Muschamp pointed to his time spent as an assistant coach at Alabama, Auburn and Texas. As an aspiring head coach, he admitted he always had lists of coaches he was interested in adding to his coaching staff one day when he became a head coach. Pease was always one listed.
Instead of making the move last year and adding him to the Florida staff, Muschamp hit was looked to be a jackpot hire while adding former NFL offensive coordinator and Notre Dame head coach Charlie Weis to his staff. Instead, it backfired into a sputtering, vanilla offense.
"Things work out for a reason," Muschamp said of not hiring Pease before his first season in Gainesville. "You don't always understand why they do."
Despite that, Pease remained on Muschamp's radar "for an awful long time." When Muschamp was at LSU and the Tigers played at Kentucky 2002 and lost on the play dubbed as the Blue Grass Miracle, Pease was the offensive coordinator and quarterbacks coach for the Wildcats. Muschamp was open with his belief that Kentucky "outplayed us that day and a lot of that was because of (Pease)."
The plays might not look different, but what happens before the snap will.
"The only thing different about Coach Pease's offense is the shifting," Florida running back Mike Gillislee said. "I could be in the slot (receiver) position, but when the quarterback says "shift," I could be in the backfield to run the ball. I can shift in the backfield and then even run a swing pass. It's all about the shifting and trying to confuse the defense."
The pre-snap shifts have been easy to learn for the offensive players. Motion all over the offensive set is decided in a succinct way by Pease that makes it easy for his group to remember. The trouble comes for the opposing defense.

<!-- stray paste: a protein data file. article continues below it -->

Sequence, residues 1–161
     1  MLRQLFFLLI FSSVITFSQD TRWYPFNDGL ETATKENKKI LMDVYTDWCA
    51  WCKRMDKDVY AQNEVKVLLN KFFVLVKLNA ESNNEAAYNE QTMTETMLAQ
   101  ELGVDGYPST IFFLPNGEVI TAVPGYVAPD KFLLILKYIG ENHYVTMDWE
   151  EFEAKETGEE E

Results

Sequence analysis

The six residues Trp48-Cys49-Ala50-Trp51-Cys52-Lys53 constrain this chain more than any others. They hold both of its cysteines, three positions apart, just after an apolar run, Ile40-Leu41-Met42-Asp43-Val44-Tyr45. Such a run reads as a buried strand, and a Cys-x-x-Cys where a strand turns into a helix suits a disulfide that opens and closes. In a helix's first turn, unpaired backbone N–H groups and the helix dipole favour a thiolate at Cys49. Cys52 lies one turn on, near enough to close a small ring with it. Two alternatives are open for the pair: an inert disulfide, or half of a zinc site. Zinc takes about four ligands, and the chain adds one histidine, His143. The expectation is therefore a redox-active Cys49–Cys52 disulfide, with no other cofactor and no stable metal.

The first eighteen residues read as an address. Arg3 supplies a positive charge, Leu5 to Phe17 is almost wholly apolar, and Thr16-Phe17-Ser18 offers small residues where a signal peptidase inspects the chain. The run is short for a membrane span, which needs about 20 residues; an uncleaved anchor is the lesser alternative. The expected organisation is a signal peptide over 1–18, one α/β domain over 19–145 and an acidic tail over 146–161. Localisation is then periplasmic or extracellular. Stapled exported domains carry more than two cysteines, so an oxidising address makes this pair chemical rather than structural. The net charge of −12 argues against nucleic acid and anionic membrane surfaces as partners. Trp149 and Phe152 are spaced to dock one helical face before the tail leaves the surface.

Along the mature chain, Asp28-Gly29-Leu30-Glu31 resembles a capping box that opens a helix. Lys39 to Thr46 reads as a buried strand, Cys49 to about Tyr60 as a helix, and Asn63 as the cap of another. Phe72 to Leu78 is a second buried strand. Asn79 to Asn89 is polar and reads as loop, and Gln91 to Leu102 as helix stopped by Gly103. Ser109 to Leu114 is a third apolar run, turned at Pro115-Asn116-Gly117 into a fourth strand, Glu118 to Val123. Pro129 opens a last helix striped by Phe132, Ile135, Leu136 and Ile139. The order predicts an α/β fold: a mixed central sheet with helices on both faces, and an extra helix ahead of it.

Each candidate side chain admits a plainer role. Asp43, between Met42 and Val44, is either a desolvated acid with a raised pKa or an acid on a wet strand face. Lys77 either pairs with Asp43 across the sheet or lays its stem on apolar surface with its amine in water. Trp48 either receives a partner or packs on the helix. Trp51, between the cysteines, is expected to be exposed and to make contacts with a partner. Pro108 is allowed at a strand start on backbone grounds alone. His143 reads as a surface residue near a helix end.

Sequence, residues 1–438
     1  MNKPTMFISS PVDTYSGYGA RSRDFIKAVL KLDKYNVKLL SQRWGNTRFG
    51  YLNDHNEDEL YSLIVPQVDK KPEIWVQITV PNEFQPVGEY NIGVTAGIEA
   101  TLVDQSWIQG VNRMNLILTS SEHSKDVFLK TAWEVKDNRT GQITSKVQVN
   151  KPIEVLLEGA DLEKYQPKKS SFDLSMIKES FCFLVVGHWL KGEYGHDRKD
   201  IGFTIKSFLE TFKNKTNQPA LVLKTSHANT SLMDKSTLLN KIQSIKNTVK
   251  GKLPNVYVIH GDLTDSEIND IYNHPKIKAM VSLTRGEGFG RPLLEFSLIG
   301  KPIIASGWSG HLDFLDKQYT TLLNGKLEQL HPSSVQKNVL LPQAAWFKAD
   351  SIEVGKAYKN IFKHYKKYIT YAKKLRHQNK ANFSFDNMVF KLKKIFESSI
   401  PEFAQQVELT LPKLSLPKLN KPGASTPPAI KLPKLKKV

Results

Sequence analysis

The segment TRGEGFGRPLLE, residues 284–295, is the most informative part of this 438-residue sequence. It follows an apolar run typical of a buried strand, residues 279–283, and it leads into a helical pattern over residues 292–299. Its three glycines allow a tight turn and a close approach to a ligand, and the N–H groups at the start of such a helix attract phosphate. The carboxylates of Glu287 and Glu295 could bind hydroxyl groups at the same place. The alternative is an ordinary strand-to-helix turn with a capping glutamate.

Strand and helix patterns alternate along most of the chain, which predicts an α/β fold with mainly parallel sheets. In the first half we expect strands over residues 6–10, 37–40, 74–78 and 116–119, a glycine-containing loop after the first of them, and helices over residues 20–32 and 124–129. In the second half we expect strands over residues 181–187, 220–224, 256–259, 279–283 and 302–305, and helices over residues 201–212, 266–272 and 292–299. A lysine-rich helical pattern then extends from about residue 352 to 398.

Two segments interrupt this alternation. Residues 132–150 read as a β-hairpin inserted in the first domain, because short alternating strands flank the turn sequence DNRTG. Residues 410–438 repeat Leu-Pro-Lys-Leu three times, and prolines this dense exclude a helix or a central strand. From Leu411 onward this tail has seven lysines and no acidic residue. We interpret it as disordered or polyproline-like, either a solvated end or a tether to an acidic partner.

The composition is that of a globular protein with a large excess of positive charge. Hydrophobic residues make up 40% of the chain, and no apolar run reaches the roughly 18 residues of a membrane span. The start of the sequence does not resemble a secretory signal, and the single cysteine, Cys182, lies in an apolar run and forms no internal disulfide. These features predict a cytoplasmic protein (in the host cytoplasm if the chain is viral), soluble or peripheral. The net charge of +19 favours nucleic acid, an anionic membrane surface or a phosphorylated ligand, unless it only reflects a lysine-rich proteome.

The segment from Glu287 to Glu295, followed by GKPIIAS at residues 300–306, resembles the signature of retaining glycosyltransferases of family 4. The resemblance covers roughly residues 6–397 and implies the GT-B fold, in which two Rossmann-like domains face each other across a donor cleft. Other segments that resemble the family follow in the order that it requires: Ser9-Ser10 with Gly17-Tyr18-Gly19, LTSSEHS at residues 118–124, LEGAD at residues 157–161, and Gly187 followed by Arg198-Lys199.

Pease's experience with quarterbacks and wide receivers made him appeal more to Florida after those two positions struggled in 2011. A quarterback battle between Jacoby Brissett and Jeff Driskel will go on into fall camp, but no one has a lead at this point in the offseason.
The Gators will lean on Gillislee in the backfield, and he expects to thrive in a system he describes as "physical, downhill running."
Gillislee's favorite part about Pease is the clean slate he provides. Under Weis, the first-year offensive coordinator, Gillislee didn't see an open depth chart at most positions.
"I don't want to say that he showed favoritism but just a little bit," Gillislee said. "That's the difference to me in Coach Pease. I like Coach Pease a lot because he treats everybody the same. He doesn't have any favorites. He treats the backup just as a starter. Coach Charlie Weis would treat the starters really good."
The coaching strategy has improved, but the head coach is more concerned with what happens on the scoreboard.
"People ask what will be different. We better score some more points," Muschamp said. "But he brings a lot of formation variation, motion shifts. We will be a more downhill running game because of the backs we have. That's not a shift in philosophy. That's what we wanted to be last year, but we didn't necessarily do that because of our front wasn't as good and the backs were smaller. We were more of a stretch outside running game."